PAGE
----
In this short blog post, I introduce a utility module that I will use in another blog post. To keep the content there short, I decided to make a blogpost just for this module. As usual, the license for this module is BSD, and the author is the author of this blog post.

Basically, while working on continued fractions, I needed a way to compare fractions of arbitrary numbers to see if their integral part coincided. Before I explain what I mean by that (if it’s not already obvious), I will first show some notation that I use to represent fraction types:

a :∼: b represents a fraction ab

Since this is a rather short post, let’s dive straight into the code.

As usual, this will be a literate haskell post, and it will include the full comments from the original file So first, the header, which also specifies some details regarding the workings of this code

>moduleFractionwhere

>importData.Ratio

>

>dataFraction a = {-# UNPACK #-}!a:~:{-# UNPACK #-}!a

>deriving(Show)

>

>infix7:~:

As mentioned earlier, this code serves to allow comparing of fractions for just their integral part. Unlike Data.Ratio in Haskell, this type allows for having 0 in the denominator. The reason for this is that the code that uses this type needed to be able to store these numbers and only later filter them. As such, we have the following rules (where nan = not a number):

- ∀ a. (a > 0 ⇔ (a :∼: 0) = ∞) ∧ (a < 0 ⇔ (a :∼: 0) = −∞)
- (0 :∼: 0) = nan
- ∞ ≠ nan, −∞ ≠ nan, ∞ ≠ −∞, −∞ < ∞
- ∀ a b: b ≠ 0 . (a :∼: b) ≠ nan ∧ (a :∼: b) ≠ ∞ ∧ (a :∼: b) ≠ −∞
- ∀ a b: b ≠ 0 . −∞ < (a :∼: b) < ∞
- ∀ a b c d: b ≠ 0 . (a :∼: b) = (c :∼: d) ⇔ a `div` b = c `div `d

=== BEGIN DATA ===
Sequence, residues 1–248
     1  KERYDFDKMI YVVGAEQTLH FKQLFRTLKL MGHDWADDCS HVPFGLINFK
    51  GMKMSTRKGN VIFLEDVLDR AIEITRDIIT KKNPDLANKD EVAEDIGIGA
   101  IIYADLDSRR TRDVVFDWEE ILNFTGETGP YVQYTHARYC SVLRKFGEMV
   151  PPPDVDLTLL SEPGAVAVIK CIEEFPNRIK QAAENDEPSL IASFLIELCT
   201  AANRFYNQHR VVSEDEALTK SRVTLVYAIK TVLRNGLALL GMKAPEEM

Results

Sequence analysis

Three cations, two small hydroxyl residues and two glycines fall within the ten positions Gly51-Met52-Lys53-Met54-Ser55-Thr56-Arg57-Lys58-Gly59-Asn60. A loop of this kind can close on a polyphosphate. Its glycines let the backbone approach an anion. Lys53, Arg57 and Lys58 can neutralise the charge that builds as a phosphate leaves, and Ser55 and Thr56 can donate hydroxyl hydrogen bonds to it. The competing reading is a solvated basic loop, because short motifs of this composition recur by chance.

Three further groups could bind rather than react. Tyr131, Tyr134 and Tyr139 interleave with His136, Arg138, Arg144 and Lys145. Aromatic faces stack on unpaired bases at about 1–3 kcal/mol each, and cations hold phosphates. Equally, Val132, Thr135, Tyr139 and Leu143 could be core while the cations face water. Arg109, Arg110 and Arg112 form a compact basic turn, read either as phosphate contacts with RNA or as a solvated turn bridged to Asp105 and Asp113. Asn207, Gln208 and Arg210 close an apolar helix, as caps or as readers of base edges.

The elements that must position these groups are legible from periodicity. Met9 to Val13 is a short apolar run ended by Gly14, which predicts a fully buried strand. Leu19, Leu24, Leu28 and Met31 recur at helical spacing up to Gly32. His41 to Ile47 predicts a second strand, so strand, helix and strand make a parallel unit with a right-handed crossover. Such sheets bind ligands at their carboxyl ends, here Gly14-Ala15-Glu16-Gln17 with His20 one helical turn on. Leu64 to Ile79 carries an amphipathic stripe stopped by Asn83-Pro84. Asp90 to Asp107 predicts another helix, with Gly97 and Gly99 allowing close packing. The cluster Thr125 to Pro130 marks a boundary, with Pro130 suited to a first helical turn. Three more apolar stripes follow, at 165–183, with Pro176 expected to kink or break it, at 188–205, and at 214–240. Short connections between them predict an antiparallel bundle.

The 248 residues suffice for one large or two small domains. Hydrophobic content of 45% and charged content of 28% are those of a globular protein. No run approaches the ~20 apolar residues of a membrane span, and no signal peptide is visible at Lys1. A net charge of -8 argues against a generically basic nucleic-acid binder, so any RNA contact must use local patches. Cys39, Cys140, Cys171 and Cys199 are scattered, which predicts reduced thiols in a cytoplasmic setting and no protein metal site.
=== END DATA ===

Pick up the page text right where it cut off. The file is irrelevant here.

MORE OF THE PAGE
- ∀ a b c d: b ≠ 0 . (a :∼: b) < (c :∼: d) ⇔ a `div` b < c `div `d

It is important to notice that ‘nan’ can not be compared to any other value. It can only be ‘compared’ for equality, but it is not part of the order defined on these numbers. Porting the following rules straight to code, and adding some simple functions to check whether a number is infinite or a nan, and some accessors, we get:

> unFraction :: Fraction a -> (a,a)

> unFraction (a:~:b) = (a,b)

>

> toIntegral (a:~:b) = a `div` b

>

> isInfinite (a:~:0) = a /= 0

> isInfinite_= False

>

> isNan (0:~:0) = True

> isNan_= False

>

>instance(Eq a, Num a, Integral a) => Eq (Fraction a)where

> -- (0 :~: 0) == (0 :~: 0) = True -- See blog-comments

> (0:~:0) ==_= False

>_== (0:~:0) = False

> (a:~:0) == (c:~:0) = signum a == signum c

> (_:~:0) == (_:~:_) = False

> (_:~:_) == (_:~:0) = False

> (a:~:b) == (c:~:d) = a `div` b == c `div` d

>

>instance(Ord a, Num a, Integral a) => Ord (Fraction a)where

> (0:~:0) `compare`_= error "Can not compare NaN's"

>_`compare` (0:~:0) = error "Can not compare NaN's"

> (a:~:0) `compare` (c:~:0) = compare (signum a) (signum c)

> (a:~:0) `compare` (_:~:_) = compare a 0

> (_:~:_) `compare` (c:~:0) = compare 0 c

> (a:~:b) `compare` (c:~:d) = compare (a `div` b) (c `div` d)

Defining arithmethic for this type is rather easy. Since I only care about equality of the final number, we can use plain old arithmetic like any old rational type. This includes the instance for Fractional, which defines division. Finally, it is also rather easy to define an instance of Real number for this fractional type, since it’s very easy to generate a rational number from this. The only problem, of course, would be when ‘toRational’ is called on an infinite or a nan.

>instance(Num a, Integral a) => Num (Fraction a)where

> (a:~:b) + (c:~:d) = (a*d + b*c):~:(b*d)

> (a:~:b) - (c:~:d) = (a*d - b*c):~:(b*d)

> (a:~:b) * (c:~:d) = (a*c):~:(b*d)

> negate (a:~:b) = (negate a:~:b)

> abs (a:~:b) = (abs a:~:abs b)

> signum (a:~:b) = (signum a:~:1)

> fromInteger x = fromInteger x:~:1

>

>instance(Fractional a, Integral a) => Fractional (Fraction a)where

> (a:~:b) / (c:~:d) = (a*d):~:(b*c)

> fromRational x = (fromInteger . numerator$ x):~:(fromInteger . denominator $ x)

>

>instance(Real a, Integral a) => Real (Fraction a)where

> toRational (a:~:b) = toRational a / toRational b

Well that’s all folks, not really complicated stuff. Just thought I’d add a light blog in preparation for the entry on continued fractions which will be reasonably math intensive.